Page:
There’s More Strategy Than You May Think

And the strategy is a whole other ballgame, so to speak. Unlike in NASCAR and Formula 1, IndyCar features considerably more passing, more breaking, more sharp turns and, generally speaking, more strategy. Racers have to know when to make turns, when to ease up on the gas and when to execute the passes that you don’t see much of in F1 racing. And the finishes are almost always neck and neck, coming down to the wire to keep fans on the edge of their seats.

If you were unsure about IndyCar racing before, give it a chance. You won’t be disappointed.


Can We Trust Autopilot?

Carl Turnley Autopilot


With a starting price for a new Model S hovering somewhere around $90,000 before taxes and after rebates and discounts, the dream of owning a car with built-in autopilot may only become a reality for some if the dream of hitting the lottery comes to fruition shortly beforehand. Tesla’s line of fully-electric automobiles comes with a hefty price tag and, more recently, some degree of danger, if you’re inclined to believe some reports.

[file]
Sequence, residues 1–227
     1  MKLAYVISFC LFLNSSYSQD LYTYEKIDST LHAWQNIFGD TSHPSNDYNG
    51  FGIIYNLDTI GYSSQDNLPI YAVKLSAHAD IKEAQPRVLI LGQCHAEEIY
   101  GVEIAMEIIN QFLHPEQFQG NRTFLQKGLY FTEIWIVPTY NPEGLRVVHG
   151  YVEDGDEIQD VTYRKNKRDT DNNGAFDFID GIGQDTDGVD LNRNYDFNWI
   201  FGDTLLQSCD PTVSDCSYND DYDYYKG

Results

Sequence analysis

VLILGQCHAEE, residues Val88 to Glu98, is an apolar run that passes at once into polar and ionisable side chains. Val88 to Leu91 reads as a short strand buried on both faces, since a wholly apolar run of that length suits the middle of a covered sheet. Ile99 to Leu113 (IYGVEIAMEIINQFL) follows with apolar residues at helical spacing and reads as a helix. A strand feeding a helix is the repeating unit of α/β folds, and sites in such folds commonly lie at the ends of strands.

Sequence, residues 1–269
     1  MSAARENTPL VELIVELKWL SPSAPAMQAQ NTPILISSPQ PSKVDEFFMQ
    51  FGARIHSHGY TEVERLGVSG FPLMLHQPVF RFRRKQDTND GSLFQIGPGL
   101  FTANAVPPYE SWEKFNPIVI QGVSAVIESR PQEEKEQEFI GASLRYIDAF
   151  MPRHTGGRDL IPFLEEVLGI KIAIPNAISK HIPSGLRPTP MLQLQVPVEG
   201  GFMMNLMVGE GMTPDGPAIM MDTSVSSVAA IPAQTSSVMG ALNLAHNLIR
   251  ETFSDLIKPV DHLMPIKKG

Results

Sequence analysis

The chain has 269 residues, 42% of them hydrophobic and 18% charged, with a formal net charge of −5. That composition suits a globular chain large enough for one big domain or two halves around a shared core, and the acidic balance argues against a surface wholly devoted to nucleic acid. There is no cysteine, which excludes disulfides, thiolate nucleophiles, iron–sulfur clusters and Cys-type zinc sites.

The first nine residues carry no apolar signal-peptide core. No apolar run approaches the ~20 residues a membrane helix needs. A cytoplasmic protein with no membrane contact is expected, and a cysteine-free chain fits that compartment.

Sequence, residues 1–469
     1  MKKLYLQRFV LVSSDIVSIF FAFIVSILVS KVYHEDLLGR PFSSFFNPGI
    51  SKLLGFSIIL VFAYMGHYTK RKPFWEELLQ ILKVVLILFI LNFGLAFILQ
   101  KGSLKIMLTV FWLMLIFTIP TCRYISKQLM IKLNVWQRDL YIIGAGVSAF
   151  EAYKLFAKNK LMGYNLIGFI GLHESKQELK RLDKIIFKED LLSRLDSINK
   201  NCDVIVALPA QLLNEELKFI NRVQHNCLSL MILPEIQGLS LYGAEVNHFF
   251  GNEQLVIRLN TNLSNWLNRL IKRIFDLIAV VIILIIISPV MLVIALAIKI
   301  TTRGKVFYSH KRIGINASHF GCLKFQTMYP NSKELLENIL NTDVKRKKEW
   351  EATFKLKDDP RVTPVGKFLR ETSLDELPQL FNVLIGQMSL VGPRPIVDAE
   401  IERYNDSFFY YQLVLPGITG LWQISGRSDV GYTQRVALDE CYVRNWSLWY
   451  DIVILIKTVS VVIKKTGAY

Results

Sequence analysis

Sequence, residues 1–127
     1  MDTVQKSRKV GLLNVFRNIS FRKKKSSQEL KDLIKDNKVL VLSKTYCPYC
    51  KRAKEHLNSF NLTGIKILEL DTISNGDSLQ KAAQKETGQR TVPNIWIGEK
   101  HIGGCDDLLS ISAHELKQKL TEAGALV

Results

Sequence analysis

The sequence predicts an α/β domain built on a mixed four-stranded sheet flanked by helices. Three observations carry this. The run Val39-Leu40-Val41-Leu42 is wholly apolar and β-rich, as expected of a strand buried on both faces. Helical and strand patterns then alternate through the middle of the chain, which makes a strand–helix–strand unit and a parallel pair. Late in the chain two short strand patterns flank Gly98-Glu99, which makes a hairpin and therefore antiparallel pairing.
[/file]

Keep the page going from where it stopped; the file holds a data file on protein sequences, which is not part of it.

In recent months, Tesla and its creator Elon Musk have come under fire for a rash of autopilot-related car accidents that many are quick to blame on the electric car maker.